Research Papers:

EphA8 is a prognostic marker for epithelial ovarian cancer

PDF |  HTML  |  How to cite

Oncotarget. 2016; 7:20801-20809. https://doi.org/10.18632/oncotarget.8018

Metrics: PDF 2122 views  |   HTML 2024 views  |   ?  

Xiaoqin Liu, Yunzhao Xu, Qin Jin, Wei Wang, Shu Zhang, Xudong Wang, Yuquan Zhang, Xujuan Xu _ and Jianfei Huang


Xiaoqin Liu1,*, Yunzhao Xu2,*, Qin Jin3, Wei Wang3, Shu Zhang3, Xudong Wang4, Yuquan Zhang2, Xujuan Xu1, Jianfei Huang3

1Department of Nursing, Nantong University, Nantong 226001, Jiangsu, China

2Department of Obstetrics and Gynecology, Nantong University Affiliated Hospital, Nantong 226001, Jiangsu, China

3Department of Pathology, Nantong University Affiliated Hospital, Nantong 226001, Jiangsu, China

4Department of Laboratory Medicine, Nantong University Affiliated Hospital, Nantong 226001, Jiangsu, China

*These authors contributed equally to this work

Correspondence to:

Xujuan Xu, e-mail: [email protected]

Jianfei Huang, e-mail: [email protected]

Keywords: EphA8, human epithelial ovarian cancer (EOC), immunohistochemistry, qRT-PCR, prognosis

Received: January 05, 2016     Accepted: February 15, 2016     Published: March 09, 2016


EphA8 is one of the Eph receptors in the Eph/ephrin receptor tyrosine kinase (RTK) subfamily. During tumorigenesis, EphA8 is involved in angiogenesis, cell adhesion and migration. In this study, we determined the mRNA and protein expression levels of EphA8 in cancerous and normal ovarian tissue samples by quantitative reverse transcription PCR (qRT-PCR) (N = 60) and tissue microarray immunohistochemistry analysis (TMA-IHC) (N = 223) respectively. EphA8 protein levels in cancer tissues were correlated with epithelial ovarian cancer (EOC) patients’ clinical characteristics and overall survival. Both EphA8 mRNA and protein levels were significantly higher in EOC tissues than in normal or benign ovarian tissues (all P < 0.05). High EphA8 protein level was associated older age at diagnosis, higher FIGO stage, positive lymph nodes, presence of metastasis, positive ascitic fluid, and higher serum CA-125 level. High EphA8 protein level is an independent prognostic marker in EOC. We conclude that EphA8 acts as an oncogene in EOC development and progression. Detection of EphA8 expression could be a useful prognosis marker and targeting EphA8 represents a novel strategy for EOC treatment.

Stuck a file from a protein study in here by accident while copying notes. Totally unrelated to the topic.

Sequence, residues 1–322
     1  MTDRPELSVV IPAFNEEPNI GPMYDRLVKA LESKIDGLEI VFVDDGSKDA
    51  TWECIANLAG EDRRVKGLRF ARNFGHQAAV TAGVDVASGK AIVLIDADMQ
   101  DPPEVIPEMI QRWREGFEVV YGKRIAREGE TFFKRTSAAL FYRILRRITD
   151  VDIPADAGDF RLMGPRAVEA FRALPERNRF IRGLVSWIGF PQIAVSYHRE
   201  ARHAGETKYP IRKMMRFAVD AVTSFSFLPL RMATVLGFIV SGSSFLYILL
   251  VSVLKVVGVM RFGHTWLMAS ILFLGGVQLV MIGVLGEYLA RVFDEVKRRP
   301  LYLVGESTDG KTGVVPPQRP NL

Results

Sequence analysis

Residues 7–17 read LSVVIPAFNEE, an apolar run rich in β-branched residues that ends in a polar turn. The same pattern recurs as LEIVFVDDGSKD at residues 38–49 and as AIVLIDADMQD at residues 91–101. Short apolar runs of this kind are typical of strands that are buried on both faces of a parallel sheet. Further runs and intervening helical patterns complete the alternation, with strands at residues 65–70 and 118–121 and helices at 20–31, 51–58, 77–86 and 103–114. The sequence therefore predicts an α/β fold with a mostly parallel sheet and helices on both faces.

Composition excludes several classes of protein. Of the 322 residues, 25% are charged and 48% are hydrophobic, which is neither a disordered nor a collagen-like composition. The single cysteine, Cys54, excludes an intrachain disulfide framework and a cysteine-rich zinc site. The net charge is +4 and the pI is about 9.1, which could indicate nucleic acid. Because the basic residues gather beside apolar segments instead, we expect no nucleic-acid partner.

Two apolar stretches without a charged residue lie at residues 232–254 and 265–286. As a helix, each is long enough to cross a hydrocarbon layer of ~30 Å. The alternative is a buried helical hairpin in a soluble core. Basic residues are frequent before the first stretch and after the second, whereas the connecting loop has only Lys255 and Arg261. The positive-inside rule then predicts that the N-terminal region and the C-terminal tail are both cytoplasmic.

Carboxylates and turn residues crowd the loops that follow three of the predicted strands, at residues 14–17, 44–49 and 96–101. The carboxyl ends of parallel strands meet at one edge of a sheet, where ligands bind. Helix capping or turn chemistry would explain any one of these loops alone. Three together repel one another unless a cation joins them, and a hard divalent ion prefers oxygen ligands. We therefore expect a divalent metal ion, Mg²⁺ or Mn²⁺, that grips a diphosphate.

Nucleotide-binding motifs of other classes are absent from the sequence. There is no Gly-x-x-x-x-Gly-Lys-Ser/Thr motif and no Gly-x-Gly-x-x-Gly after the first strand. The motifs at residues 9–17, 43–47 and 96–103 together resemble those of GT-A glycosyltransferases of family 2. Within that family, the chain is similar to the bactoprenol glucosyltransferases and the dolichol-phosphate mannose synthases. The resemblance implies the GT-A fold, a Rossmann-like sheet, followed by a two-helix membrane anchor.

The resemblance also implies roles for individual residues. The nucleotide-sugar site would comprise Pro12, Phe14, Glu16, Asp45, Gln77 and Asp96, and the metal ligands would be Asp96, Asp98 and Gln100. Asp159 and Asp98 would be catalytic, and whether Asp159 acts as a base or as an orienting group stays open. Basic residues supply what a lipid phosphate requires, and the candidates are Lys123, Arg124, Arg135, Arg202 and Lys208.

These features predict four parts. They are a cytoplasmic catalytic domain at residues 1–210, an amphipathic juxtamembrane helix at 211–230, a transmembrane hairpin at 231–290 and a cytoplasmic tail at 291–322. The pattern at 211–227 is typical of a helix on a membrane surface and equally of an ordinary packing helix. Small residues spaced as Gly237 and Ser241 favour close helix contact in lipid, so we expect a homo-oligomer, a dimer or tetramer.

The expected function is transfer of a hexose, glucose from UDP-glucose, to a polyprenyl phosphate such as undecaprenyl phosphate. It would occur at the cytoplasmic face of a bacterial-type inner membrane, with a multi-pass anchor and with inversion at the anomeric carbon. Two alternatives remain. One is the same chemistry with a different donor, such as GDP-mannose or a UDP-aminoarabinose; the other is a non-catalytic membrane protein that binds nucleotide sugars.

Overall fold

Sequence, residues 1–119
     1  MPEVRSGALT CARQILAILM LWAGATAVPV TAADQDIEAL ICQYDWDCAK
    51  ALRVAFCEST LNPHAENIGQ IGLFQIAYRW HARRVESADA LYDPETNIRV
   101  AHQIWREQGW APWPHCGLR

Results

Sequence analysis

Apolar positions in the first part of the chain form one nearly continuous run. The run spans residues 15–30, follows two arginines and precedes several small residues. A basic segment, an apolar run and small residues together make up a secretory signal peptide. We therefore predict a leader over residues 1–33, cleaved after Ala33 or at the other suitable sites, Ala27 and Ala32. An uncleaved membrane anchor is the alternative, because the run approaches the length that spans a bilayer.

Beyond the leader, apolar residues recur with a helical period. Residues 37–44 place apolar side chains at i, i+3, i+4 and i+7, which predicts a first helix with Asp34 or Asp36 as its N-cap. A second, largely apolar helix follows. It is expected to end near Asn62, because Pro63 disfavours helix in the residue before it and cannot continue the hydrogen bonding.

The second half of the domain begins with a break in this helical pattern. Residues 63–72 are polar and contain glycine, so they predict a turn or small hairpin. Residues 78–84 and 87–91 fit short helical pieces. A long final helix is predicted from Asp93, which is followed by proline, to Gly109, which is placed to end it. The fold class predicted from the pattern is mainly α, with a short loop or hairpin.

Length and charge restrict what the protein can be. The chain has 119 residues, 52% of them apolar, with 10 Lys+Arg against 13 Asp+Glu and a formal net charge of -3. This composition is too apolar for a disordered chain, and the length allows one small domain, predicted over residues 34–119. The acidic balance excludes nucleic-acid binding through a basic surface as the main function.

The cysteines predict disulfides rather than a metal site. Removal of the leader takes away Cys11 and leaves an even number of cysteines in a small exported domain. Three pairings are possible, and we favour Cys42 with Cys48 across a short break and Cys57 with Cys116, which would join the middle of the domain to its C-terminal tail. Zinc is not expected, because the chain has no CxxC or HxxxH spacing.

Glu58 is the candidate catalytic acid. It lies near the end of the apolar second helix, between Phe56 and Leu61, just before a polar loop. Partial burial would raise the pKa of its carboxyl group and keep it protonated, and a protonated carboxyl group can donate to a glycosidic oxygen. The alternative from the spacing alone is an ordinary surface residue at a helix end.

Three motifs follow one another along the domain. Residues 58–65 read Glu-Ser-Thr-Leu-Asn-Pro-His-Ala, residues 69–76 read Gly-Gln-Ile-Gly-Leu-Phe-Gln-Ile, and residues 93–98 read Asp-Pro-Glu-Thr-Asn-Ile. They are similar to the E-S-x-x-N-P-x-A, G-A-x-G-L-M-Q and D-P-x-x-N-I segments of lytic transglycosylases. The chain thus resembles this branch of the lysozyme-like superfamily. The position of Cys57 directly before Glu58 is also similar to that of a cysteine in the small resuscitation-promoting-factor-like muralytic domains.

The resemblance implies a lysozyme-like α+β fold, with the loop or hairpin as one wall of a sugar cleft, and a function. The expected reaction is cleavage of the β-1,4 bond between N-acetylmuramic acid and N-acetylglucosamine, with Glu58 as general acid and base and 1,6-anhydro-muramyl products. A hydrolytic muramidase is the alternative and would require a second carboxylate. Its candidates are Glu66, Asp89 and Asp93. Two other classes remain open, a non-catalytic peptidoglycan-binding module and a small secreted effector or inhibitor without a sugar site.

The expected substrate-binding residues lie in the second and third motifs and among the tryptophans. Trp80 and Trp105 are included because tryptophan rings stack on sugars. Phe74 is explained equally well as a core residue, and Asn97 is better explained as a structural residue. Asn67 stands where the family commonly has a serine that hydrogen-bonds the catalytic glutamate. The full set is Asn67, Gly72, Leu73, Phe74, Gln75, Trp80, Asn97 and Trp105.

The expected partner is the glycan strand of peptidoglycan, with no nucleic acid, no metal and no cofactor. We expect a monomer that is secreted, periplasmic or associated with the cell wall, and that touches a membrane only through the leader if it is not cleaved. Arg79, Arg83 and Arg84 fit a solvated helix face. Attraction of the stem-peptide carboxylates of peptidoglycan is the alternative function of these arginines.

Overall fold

Epithelial ovarian cancer (EOC) is the seventh most common cancer and the eighth most common cause of cancer death in women worldwide. There were approximately 239,000 new cases diagnosed and 159,000 women died of EOC in 2012 (GLOBOCAN 2012). Although China has lower incidence rate of EOC [1] compared to western countries, the burden of EOC is not decreasing, instead the incidence in rural regions is predicted to be rising [2]. Because of the lack of specific symptoms during early stages of the disease, about 75% of EOC cases are diagnosed at advanced stage (stage III and IV) [3]. Further, the location of ovary hinders the development of morphology-based screening methods. Despite recent intensive research on the identification of biomarkers for early detection, currently, the only clinical available blood biomarker for EOC screening is CA125, which suffers from low sensitivity and specificity [4]. The standard treatment for women with advanced stage EOC is surgical cytoreduction followed by systemic chemotherapy [5]. Recent developments on EOC targeted therapies include angiogenesis inhibitors and poly (ADP-ribose) polymerase (PARP) inhibitors [67]. Despite these advances, the overall survival of EOC patients has not been significantly improved [8]. Novel markers for diagnosis and prognosis as well as new therapeutic targets are needed.